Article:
Hysteretic Spin Crossover between a Bisdithiazolyl Radical and Its Hypervalent σ-Dimer
2010-11-17T00:00:00Z (GMT) by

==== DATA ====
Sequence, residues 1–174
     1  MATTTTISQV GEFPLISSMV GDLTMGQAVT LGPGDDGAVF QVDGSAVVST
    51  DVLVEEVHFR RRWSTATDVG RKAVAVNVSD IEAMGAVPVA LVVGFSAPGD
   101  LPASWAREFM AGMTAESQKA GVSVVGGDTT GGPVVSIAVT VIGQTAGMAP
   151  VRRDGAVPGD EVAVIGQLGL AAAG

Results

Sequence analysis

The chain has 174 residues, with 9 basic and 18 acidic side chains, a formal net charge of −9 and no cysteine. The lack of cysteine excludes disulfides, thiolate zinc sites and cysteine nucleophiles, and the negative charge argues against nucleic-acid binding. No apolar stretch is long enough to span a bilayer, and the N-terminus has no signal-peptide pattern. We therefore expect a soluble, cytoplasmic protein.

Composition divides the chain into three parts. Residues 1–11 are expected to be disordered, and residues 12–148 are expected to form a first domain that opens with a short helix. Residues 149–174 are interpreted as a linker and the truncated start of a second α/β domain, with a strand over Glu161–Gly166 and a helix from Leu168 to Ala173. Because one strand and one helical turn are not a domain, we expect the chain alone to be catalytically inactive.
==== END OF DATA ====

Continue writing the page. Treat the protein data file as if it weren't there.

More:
The bisdithiazolyl radical 1a is dimorphic, existing in two distinct molecular and crystal modifications. The α-phase crystallizes in the tetragonal space group P4̅21m and consists of π-stacked radicals, tightly clustered about 4̅ points and running parallel to c. The β-phase belongs to the monoclinic space group P21/c and, at ambient temperature and pressure, is composed of π-stacked dimers in which the radicals are linked laterally by hypervalent four-center six-electron S···S−S···S σ-bonds. Variable-temperature magnetic susceptibility χ measurements confirm that α-1a behaves as a Curie−Weiss paramagnet; the low-temperature variations in χ can be modeled in terms of a 1D Heisenberg chain of weakly coupled AFM S = 1/2 centers. The dimeric phase β-1a is essentially diamagnetic up to 380 K. Above this temperature there is a sharp hysteretic (T↑= 380 K, T↓ = 375 K) increase in χ and χT. Powder X-ray diffraction analysis of β-1a at 393 K has established that the phase transition corresponds to a dimer-to-radical conversion in which the hypervalent S···S−S···S σ-bond is cleaved. Variable-temperature and -pressure conductivity measurements indicate that α-1a behaves as a Mott insulator, but the ambient-temperature conductivity σRT increases from near 10−7 S cm−1 at 0.5 GPa to near 10−4 S cm−1 at 5 GPa. The value of σRT for β-1a (near 10−4 S cm−1 at 0.5 GPa) initially decreases with pressure as the phase change takes place, but beyond 1.5 GPa this trend reverses, and σRT increases in a manner which parallels the behavior of α-1a. These changes in conductivity of β-1a are interpreted in terms of a pressure-induced dimer-to-radical phase change. High-pressure, ambient-temperature powder diffraction analysis of β-1a confirms such a transition between 0.65 and 0.98 GPa and establishes that the structural change involves rupture of the dimer in a manner akin to that observed at high temperature and ambient pressure. The response of the S···S−S···S σ-bond in β-1a to heat and pressure is compared to that of related dimers possessing S···Se−Se···S σ-bonds.